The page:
Saturday, May 9, 2009

Review: Eldar at Jardine's
















During the first of Eldar's two sets Saturday, a friend likened the three men on the stage of Jardine's to caged lions at a zoo. They did, in fact, seem restless, agitated and unnaturally inhibited.

It's just idle speculation on my part, but I suspect that Eldar and his band were uncertain of how to best address the wildly different expectations held by the various factions of the near-capacity audience.

The older set probably longed for the polite swing music they heard Eldar play as a prodigy growing up in Prairie Village. Affiliates of the jam band crowd were also in the room. They were hoping for the adventurous grooves popularized by Medeski Martin & Wood. And a handful of curious jazz musicians were on hand; they wanted Eldar to bring the noise.

An unsatisfying compromise resulted. Eldar seems to be attempting to fuse classic Stanley Clarke with Thelonious Monk's ugly beauty. But by approaching it hesitantly, Eldar failed to make much headway toward his new direction.

At least it was loud. For the first time ever at Jardine's, I thought about retrieving the earplugs I keep stashed in my car. But the bracing volume brought to bear by Eldar, bassist Jose Armando Gola and drummer Ludwig Alfonso only masked the lack of focus. There were shockingly few moments of clarity.

It's entirely likely that the trio later locked in on the sort of sustained inspiration on display in the previous Plastic Sax post. Brilliant, forward-thinking musicians aren't likely to go on extended cold streaks.

(Original image by Plastic Sax.)

8 comments:

m.v. said...

That's precisely why I don't go to the concerts: I wouldn't be able to tell when the moment of clarity occurred. I get a similar feeling at a baseball game when everyone is cheering and I am looking around like a lost schmuck.

Happy In Bag said...

Well, M.V., everyone experiences things differently.

I hope a reader will tell me that the genius of Eldar changed his or her life this weekend. And my bad review should in no way invalidate that sentiment.

But your analogy is appropriate. Musicians- and athletes- feed off the crowd's energy. And no one was cheering wildly for Eldar Saturday.

Lee said...

Your thesis assumes that jazz musicians think like jazz critics, but finding a groove is a tricky thing even for artists working at the top of their game. You could as easily blame jetlag or a missed nap. Or yourself for seeing the early set!

Happy In Bag said...

You're right, of course, Lee.

It's entirely fair to fault me for not articulating this point more precisely:

Eldar and his colleagues weren't just going through the motions. They're brave artists attempting to explore new territory. It's only natural that their noble experiment will occasionally run aground.

That's what happened early Saturday.

Anonymous said...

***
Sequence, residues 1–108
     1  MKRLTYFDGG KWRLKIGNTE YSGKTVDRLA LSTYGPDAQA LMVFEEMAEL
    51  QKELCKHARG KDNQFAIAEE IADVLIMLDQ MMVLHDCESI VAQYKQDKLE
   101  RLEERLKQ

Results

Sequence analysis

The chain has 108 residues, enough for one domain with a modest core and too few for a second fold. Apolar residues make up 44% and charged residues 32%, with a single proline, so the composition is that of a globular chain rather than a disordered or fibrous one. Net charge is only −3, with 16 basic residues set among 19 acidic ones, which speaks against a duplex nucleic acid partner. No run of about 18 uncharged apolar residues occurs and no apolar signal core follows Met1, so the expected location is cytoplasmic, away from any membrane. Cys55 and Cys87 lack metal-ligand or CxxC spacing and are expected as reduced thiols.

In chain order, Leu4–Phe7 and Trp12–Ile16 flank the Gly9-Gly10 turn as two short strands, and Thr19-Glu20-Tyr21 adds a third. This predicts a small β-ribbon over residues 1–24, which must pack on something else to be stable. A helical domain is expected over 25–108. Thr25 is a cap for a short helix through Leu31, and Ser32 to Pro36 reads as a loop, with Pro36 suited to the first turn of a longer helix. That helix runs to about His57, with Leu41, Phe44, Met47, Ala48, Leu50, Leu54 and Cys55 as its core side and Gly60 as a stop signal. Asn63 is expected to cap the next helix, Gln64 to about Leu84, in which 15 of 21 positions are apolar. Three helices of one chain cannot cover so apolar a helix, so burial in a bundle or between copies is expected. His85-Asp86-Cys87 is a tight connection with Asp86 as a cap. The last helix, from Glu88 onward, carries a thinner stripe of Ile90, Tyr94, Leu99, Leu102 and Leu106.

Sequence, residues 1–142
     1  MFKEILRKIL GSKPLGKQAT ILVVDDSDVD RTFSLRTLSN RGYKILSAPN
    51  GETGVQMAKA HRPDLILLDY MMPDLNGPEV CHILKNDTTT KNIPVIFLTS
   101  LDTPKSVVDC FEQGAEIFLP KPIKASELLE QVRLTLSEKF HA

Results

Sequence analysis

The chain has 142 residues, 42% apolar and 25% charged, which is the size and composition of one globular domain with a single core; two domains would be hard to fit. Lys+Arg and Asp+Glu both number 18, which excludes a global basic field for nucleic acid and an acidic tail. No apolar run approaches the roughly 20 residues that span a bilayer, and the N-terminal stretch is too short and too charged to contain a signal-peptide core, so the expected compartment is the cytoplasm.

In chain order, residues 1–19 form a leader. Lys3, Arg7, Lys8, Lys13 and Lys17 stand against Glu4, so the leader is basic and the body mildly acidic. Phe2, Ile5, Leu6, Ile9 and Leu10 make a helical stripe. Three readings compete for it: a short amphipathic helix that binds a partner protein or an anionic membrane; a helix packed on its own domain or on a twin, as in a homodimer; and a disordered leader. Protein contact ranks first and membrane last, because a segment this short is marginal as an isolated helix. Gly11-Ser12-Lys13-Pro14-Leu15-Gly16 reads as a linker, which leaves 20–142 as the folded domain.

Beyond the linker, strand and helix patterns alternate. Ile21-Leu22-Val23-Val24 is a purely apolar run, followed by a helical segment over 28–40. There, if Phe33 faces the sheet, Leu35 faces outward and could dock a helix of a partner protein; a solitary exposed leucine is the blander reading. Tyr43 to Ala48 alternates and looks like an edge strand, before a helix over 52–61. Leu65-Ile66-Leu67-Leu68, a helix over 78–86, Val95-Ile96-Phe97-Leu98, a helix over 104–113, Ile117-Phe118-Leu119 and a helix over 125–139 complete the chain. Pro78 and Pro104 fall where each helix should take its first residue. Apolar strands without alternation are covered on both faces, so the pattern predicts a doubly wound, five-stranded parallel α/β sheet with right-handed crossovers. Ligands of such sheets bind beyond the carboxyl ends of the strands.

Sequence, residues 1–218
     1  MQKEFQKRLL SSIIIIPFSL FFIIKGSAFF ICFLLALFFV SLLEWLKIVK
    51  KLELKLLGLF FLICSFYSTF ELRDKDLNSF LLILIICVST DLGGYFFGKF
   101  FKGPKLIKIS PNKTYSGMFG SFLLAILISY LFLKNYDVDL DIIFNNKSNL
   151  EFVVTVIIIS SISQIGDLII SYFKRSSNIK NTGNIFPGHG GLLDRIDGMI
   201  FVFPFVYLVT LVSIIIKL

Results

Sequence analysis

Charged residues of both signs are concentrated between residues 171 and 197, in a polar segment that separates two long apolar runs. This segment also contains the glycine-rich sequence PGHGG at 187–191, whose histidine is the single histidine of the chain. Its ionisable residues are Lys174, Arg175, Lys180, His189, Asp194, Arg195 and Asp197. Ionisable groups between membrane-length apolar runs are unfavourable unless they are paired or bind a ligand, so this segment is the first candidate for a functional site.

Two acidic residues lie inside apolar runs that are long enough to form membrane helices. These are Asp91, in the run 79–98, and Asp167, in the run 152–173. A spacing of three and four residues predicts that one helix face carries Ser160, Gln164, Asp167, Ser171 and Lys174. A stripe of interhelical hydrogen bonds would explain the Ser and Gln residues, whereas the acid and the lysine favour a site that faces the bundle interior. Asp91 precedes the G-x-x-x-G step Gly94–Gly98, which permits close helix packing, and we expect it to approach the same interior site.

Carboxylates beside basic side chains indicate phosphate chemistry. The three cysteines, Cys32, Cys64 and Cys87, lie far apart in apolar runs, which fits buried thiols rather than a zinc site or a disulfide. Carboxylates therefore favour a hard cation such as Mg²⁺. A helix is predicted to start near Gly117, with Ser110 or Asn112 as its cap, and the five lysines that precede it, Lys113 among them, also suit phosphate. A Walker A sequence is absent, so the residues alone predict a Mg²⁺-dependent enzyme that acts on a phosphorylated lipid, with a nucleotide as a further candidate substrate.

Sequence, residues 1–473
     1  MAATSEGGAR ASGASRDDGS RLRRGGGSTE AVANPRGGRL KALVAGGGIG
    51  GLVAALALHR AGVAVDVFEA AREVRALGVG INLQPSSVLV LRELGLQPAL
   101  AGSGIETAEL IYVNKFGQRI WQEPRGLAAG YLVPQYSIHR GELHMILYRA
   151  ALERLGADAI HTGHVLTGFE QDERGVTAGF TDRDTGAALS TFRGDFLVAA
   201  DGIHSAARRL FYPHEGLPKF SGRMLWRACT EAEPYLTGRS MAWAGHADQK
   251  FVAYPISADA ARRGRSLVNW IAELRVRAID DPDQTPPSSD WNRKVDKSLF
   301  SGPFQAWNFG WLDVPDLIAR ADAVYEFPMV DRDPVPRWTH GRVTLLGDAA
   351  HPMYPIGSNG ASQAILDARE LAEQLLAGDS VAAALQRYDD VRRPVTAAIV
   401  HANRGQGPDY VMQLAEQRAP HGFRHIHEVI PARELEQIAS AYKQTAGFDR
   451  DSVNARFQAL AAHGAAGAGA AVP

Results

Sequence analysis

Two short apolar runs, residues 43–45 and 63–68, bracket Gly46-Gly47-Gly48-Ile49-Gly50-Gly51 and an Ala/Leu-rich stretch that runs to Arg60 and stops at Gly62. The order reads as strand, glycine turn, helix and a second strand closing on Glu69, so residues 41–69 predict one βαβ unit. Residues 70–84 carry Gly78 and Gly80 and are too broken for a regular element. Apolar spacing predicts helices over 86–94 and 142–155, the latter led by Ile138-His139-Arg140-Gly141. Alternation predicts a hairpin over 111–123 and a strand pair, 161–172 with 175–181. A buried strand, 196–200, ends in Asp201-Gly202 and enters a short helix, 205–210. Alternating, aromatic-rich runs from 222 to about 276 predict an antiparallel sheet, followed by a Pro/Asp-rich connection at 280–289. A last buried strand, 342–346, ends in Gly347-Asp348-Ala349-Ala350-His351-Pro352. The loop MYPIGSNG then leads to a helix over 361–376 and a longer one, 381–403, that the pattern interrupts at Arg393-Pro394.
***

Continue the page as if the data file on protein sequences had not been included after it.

Sounds like you were listening to "Steroid Jazz" again with Eldar.

Eldar is a phenomenal technician. He does Oscar better than Oscar. (A hybrid of Oscar, Chick and a skoche of Herbie). With Oscar Peterson you feel like that when you've heard one solo you've heard them all. (I've got probably a two dozen OP recordings) in comparison to Bill Evans or Wynton Kelly which always sound fresh and new.

At the moment, Eldar can function in his trio or as a solo pianist. His ability to interact in an ensemble any larger than that is a testament to his musical maturity and the narcicisim (sp?) that he has been subject to for two decades.

By age 30 he may be regarded as just another great pianist. It depends on his compositional development and his ability to communicate the language in a more thought provoking and well balanced manner.

One guy's opinion.

Anonymous said...

After the show a younger crowd started coming in for the late band. The drummer was surprised asking why all these younger people were coming in for the late band. I told him that each of the musicians were in different bands and collectively they had a pretty large & loyal following He said "The younger people, they like this music?". All three kept asking where the younger people were for their show. The drummer asked "Eldar brings in the older crowd here?".

I can only assume that in New York their crowd is much much younger. They left to go catch the end of the ssion show in the bottoms.

Happy In Bag said...

Your comment offers incredibly interesting insights, Anon 12:19. And it offers further evidence, Anon 11:21, that Eldar is well on his way to freeing himself of the "phenomenal technician" albatross around his neck. In spite of my review, I continue to believe in Eldar's potential.

Lee said...

As a footnote to Anon 11:21, Oscar Peterson didn't make his American debut until he was 24, two years older than Eldar is now. (About 10 years ago, NPR aired this story about it: http://www.npr.org/templates/story/story.php?storyId=1064207). Almost six decades of great playing lay ahead. I hope the same is true for Eldar.